Anxiety is a subjective state of apprehension and uneasiness that often occurs in a manner disproportionate to the actual source. Others may see the anxious response as an overreaction or the actual source of anxiety may be difficult to determine. It can be generalized or it can be specific (e.g. phobias). Some anxiety can manifest itself as a panic episode. Finally, it may also be associated with recurrent worries accompanied by repeat behaviors (e.g. checking) designed to reduce the anxiety, as in the case of obsessive compulsive disorder. Causes of anxiety can be due to any combination of genetic predisposition, stress, or use of certain substances (e.g. caffeine, marijuana). Treatment often includes medication and/or talk therapy.
Tips on How to Deal With Panic and Anxiety
- Breathe – Focus on your breathing. Inhale through your nose slowly for two seconds, mentally counting, “1-one thousand, 2-one thousand,” then exhale through your mouth to a mental count of four seconds. Do this for about one minute.
- Permission – Give yourself permission to feel anxious for a while: “I know what this is and it will pass.”
- Mindful Awareness and Acceptance – Practice acceptance for what you are feeling without judgment or self-berating.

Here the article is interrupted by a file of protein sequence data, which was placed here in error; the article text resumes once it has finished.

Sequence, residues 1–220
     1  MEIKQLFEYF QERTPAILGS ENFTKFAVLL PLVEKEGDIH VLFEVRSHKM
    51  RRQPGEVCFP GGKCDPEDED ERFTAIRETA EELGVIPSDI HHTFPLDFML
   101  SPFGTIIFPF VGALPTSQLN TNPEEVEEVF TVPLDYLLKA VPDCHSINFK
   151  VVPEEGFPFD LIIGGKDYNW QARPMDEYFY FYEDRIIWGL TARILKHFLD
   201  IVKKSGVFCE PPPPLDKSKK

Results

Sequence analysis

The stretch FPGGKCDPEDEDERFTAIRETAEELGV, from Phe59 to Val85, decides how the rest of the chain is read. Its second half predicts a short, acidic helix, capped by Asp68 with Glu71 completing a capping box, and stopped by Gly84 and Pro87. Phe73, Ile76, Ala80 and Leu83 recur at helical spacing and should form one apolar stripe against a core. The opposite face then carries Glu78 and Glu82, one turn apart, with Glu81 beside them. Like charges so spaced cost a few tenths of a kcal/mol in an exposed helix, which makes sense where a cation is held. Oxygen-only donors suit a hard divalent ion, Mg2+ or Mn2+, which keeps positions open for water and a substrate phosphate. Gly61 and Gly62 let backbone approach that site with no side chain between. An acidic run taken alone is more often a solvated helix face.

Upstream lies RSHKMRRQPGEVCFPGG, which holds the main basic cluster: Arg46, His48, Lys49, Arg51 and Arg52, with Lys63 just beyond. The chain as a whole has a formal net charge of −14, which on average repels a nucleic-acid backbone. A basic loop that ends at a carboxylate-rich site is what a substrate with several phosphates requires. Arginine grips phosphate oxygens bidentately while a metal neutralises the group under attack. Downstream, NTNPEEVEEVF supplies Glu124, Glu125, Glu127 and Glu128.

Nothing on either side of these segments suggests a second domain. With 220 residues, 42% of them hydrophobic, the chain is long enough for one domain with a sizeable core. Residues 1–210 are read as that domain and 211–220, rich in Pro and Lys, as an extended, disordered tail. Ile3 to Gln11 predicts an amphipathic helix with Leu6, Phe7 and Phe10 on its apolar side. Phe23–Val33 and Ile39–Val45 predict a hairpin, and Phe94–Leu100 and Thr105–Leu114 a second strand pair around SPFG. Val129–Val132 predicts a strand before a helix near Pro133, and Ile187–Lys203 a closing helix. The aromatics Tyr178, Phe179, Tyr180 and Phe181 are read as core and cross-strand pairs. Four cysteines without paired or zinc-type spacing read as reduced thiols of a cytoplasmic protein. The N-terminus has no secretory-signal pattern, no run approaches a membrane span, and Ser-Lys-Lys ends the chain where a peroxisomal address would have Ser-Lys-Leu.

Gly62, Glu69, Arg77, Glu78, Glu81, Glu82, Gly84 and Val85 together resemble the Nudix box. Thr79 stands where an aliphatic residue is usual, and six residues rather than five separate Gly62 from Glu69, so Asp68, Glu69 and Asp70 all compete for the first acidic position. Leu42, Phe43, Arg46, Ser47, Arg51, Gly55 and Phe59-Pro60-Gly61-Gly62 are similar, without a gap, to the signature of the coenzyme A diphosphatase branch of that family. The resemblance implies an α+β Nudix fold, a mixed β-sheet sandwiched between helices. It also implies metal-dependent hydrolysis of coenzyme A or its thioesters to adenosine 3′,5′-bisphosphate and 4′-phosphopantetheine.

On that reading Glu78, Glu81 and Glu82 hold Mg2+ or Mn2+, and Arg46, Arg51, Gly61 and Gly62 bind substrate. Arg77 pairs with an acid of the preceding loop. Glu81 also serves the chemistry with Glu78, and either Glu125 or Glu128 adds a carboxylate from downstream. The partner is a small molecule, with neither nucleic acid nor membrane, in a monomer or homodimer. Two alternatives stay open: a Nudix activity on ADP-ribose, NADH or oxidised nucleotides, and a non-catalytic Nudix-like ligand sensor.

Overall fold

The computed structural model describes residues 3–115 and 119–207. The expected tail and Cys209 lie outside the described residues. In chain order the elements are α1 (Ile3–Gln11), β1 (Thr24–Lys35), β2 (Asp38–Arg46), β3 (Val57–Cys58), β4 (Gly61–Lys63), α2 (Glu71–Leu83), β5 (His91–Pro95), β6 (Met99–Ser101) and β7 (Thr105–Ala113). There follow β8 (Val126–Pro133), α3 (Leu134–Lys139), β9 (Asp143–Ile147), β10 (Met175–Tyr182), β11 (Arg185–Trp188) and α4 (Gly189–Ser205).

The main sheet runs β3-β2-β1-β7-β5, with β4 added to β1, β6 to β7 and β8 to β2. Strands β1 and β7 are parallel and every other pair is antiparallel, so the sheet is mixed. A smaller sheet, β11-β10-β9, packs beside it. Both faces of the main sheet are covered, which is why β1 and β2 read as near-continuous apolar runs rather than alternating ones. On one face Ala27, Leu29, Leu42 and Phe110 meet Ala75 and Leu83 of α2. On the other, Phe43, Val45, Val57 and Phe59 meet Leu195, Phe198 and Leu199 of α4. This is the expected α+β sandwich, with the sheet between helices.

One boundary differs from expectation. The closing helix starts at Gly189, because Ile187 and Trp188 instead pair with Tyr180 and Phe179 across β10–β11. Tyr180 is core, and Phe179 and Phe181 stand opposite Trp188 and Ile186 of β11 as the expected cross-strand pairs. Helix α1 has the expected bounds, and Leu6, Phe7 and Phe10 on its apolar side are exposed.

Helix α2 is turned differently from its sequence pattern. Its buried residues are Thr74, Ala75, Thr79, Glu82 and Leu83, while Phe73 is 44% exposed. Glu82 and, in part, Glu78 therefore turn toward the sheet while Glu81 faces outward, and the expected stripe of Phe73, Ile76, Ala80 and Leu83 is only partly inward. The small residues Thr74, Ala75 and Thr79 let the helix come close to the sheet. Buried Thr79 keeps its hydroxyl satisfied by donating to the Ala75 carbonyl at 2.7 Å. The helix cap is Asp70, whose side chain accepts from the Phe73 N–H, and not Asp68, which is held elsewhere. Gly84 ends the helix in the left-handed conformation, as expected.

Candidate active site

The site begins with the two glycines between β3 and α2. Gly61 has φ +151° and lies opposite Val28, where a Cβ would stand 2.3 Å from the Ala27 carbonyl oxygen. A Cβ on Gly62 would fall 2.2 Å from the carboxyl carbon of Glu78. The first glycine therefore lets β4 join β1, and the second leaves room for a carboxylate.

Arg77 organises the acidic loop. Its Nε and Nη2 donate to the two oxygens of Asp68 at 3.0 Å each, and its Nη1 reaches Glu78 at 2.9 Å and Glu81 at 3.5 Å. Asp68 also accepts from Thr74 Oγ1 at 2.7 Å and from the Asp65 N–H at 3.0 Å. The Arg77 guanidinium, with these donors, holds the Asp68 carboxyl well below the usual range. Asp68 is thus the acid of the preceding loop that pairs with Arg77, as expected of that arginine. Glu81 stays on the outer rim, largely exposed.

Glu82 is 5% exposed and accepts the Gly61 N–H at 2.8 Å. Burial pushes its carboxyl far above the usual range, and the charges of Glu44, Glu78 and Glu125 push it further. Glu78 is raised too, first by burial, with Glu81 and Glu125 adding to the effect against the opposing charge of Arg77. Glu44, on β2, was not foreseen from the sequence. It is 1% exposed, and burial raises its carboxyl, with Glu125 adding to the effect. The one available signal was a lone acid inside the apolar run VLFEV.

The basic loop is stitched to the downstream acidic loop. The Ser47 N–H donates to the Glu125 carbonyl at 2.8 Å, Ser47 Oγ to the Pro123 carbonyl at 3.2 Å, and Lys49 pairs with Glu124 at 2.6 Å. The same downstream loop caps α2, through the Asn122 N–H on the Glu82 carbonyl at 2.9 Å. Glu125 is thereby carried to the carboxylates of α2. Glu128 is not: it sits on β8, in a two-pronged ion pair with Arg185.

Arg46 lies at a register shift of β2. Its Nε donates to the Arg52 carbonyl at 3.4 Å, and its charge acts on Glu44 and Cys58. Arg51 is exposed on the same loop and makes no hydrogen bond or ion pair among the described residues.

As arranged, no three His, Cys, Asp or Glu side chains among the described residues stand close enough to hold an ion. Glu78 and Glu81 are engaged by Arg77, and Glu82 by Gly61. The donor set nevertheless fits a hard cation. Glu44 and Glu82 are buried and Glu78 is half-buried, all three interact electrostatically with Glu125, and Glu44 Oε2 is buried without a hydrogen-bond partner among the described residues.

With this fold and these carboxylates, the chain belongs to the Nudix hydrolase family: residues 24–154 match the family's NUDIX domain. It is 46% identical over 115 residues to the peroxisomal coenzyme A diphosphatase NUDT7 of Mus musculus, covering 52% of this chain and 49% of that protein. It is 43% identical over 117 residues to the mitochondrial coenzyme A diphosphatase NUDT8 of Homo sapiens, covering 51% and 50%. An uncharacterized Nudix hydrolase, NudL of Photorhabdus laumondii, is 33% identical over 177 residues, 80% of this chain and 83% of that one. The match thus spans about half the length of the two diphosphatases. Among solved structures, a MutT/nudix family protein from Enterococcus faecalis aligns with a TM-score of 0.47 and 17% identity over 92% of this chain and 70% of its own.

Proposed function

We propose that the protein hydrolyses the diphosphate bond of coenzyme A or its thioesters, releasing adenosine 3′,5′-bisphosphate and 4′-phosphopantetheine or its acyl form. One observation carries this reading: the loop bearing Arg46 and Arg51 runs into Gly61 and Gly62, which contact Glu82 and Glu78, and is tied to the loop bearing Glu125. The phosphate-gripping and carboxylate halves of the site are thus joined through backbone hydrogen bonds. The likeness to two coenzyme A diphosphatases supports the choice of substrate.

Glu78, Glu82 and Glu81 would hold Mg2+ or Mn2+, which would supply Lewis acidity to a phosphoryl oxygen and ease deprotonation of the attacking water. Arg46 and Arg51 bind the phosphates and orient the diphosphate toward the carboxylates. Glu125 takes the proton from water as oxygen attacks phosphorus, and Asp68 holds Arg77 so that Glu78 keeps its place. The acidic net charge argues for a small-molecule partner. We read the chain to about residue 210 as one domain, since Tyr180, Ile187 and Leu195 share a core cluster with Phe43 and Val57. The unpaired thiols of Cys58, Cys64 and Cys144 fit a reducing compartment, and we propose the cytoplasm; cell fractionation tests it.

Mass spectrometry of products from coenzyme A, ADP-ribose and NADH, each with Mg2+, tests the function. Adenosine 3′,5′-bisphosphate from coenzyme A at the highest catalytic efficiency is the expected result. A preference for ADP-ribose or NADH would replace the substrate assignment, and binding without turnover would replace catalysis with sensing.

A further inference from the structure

- Inner Dialogue / Self Talk – Use positive, comforting dialogue instead of scaring yourself further. “I’m OK, it won’t hurt me and it will go away. I can function perfectly well even if I’m feeling a bit spacey.”
- Visualization – Visualize yourself in a safe place or recall a time when you had warm positive feelings.
- Distract – Get busy and do something active to burn off some of this self-induced stimulation. Go for a walk, go on a bicycle ride, or clean out a closet.
- Relaxation and Comfort – Listen to a relaxation audio tape or tranquil music. Or take a soothing shower or bath.
- Take care of your body – Make sure you haven’t skipped any meals, avoid caffeine, and avoid alcohol. Consider exercise.
- Let time pass – Again, there’s no emergency, it’s no big deal, and this discomfort WILL pass.
Noteworthy Point: Those who suffer panic attacks usually fear they are going to have a heart attack or “go insane” but there is no evidence to support this link. Therefore it is important to remember that it is only a feeling and like all feelings the sensation will pass.
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